Spotting a UOF

(For my English usage blog, click here.)

No, this title isn’t a typo. I am not writing about UFOs. A UOF, unlike a UFO, has had millions of confirmed sightings and can be easily spotted. It is the Uh Oh Factor: the fears, self-judgments, and limiting beliefs that stop us dead in our tracks, generally right before or right after we take a risk.

You know how your mind works: You apply for a job and you pump yourself up for the interview, telling yourself that you are the right person—perhaps the most qualified candidate—and that they’d be fools to pass you up. You remind yourself of how well you have performed in your current position and how undervalued you have been, which is why you deserve that new position.

But then you no sooner submit your résumé and that little voice starts whispering in your ear, “What if I don’t get the job? What if it means I have to travel more? What if I don’t like my new boss? What if I don’t like my new colleagues? What if they don’t like me? What if I have to work longer hours?” And the worst what if of all is the one with the F word, “What if I fail?” (This mindset works similarly with dating.)

All of our what ifs create the Uh Oh Factor: the negative thinking that reminds us of each of our character flaws, every painfully embarrassing moment from our past, every fear that’s woken us up at 2:00 A.M. bathed in sweat. This Uh Oh Factor (UOF), untended to, can instantly overpower our tenuous hold on our still-delicate affirmations.

The volume of our UOF will only go up if we try to ignore it. In short order, we will hear the voices within shouting, “You’re so full of yourself. Who were you to think you could land this job? You’re a fraud, a phony. They’ll see right through you.” Try to push these negative thoughts away and it’s like playing Whack-A-Mole: you have to be on high alert looking for where and how they’re going to pop up again if you’re going to defeat them.

So what can you do when the UOF begins to override your confidence? As Ram Dass, a wonderfully funny Buddhist teacher says, you can practice thinking of your Uh Oh thoughts—those neurotic fears, self-judgments, and limiting beliefs—as little schmos. Then, instead of trying to bar them from entry, which is futile anyway, invite them in for tea.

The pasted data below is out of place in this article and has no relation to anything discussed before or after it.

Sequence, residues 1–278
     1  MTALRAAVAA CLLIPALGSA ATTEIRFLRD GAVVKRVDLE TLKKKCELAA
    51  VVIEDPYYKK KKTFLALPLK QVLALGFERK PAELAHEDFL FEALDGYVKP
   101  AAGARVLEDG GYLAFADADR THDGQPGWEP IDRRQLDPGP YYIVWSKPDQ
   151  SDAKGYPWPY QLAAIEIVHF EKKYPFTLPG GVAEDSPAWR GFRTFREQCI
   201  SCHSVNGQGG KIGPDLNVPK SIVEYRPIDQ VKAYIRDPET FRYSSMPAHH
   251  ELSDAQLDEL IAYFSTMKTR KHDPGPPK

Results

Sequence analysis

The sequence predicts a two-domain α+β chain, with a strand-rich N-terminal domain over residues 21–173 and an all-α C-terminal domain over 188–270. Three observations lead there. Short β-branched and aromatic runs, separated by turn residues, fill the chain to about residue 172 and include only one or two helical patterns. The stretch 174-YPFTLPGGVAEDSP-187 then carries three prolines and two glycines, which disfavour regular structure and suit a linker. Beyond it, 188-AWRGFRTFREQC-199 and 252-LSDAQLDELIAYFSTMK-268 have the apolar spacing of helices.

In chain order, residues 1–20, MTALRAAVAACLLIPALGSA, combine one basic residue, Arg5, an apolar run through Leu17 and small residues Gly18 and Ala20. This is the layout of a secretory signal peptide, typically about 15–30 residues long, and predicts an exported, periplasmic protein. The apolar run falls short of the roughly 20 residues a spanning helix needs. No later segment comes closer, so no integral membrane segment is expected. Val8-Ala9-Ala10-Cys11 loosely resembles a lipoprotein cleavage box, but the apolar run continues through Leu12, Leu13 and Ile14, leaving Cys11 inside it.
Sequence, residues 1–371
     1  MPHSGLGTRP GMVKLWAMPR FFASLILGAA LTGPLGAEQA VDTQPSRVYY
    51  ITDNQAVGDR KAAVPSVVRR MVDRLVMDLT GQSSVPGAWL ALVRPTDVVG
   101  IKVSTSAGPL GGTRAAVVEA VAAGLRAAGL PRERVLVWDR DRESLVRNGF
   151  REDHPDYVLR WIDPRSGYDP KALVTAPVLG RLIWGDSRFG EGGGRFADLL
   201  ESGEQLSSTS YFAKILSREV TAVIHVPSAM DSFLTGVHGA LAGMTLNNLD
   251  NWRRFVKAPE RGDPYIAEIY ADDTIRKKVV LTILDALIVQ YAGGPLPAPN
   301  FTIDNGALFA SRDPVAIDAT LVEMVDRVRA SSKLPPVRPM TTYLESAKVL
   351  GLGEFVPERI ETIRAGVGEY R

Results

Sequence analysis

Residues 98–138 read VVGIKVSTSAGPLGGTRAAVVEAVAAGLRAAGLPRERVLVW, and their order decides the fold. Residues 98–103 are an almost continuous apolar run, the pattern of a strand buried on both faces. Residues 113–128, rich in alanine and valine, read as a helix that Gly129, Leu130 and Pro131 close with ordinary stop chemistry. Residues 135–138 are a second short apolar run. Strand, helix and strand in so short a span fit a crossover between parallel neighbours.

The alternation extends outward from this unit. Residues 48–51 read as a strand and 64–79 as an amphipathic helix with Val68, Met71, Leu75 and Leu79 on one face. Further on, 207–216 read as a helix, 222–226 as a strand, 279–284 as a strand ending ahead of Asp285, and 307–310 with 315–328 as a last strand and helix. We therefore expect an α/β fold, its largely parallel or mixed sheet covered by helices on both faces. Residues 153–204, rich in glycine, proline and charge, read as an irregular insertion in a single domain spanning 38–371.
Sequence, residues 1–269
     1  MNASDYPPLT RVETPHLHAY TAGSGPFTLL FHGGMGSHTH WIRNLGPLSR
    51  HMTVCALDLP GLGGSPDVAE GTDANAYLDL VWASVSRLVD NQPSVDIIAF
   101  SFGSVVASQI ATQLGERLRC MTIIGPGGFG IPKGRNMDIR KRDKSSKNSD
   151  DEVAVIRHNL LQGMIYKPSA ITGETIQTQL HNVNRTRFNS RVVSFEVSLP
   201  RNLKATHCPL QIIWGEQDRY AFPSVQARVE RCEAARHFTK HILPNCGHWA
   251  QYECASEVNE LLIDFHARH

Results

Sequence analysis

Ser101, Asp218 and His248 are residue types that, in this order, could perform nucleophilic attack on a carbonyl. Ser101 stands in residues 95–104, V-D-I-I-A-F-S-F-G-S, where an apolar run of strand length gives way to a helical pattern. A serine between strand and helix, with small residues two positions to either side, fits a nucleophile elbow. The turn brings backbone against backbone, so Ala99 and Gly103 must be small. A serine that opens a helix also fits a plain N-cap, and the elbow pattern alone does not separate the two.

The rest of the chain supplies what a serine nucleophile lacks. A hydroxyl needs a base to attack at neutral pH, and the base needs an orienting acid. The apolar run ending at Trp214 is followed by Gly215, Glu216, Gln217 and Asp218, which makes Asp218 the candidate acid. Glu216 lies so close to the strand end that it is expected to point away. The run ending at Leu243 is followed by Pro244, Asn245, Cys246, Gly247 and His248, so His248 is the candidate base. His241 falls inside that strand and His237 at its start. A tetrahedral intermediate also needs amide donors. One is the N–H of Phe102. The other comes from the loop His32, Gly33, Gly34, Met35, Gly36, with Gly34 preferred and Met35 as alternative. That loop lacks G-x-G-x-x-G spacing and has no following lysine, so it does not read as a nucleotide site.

Imagine this scene: Three little schmos, looking like Snow White’s dwarves, come knocking at your door. Instead of hiding in the coat closet, you welcome them in, escorting them to the dining room table. Without any need for small talk, you say to the one on your right, “I recognize you. You’re the schmo who tells me I’m not good enough.” Then you turn to your left. “And you’re the schmo who catalogues the imperfections of my body.” Now you look across the table at another one who is returning your grin and say, “And you, you’re the schmo who reminds me of all my mistakes.” Then, with an inclusive sweep of your arm, you announce, “Thank you all for having tea with me.” You look at your watch and then continue, “But tea time is over because, after all, I am a busy person.” You see your little schmos to the door, although they are reluctant to go because you’ve been such a good listener. When they ask if they can come back, you let them know that they needn’t worry; certainly you’ll hear them next time they come knocking. You wave to them as they retreat and then close the door with a sigh of relief.

What you do next is remember to feel grateful that you have learned how to say hello and goodbye to your little schmos. Then you restate your affirmations, call on your support system to remind you of your best qualities, demonstrate behaviors that make you feel good about the person you see in the mirror, and take a leap of faith that these practices will not only keep you sane but will provide you with the courage to take the next risk that your spirit urges you towards.


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About Jane Straus
Jane is a trusted life coach, dynamic keynote speaker, and the author of Enough Is Enough! Stop Enduring and Start Living Your Extraordinary Life. With humor and grace, Jane offers her clients and seminar participants insights and exercises to ensure that the next chapter of their lives is about thriving as the unique individuals they have always been and the extraordinary ones they are still becoming. She serves clients worldwide and invites you to visit her site, Here you will find excerpts from her book, more articles, TV and radio interviews, and clips from her presentations.

She is also the author of The Blue Book of Grammar and Punctuation,, an award-winning online resource and workbook with easy-to-understand rules, real-world examples, and fun quizzes. Contact Jane at

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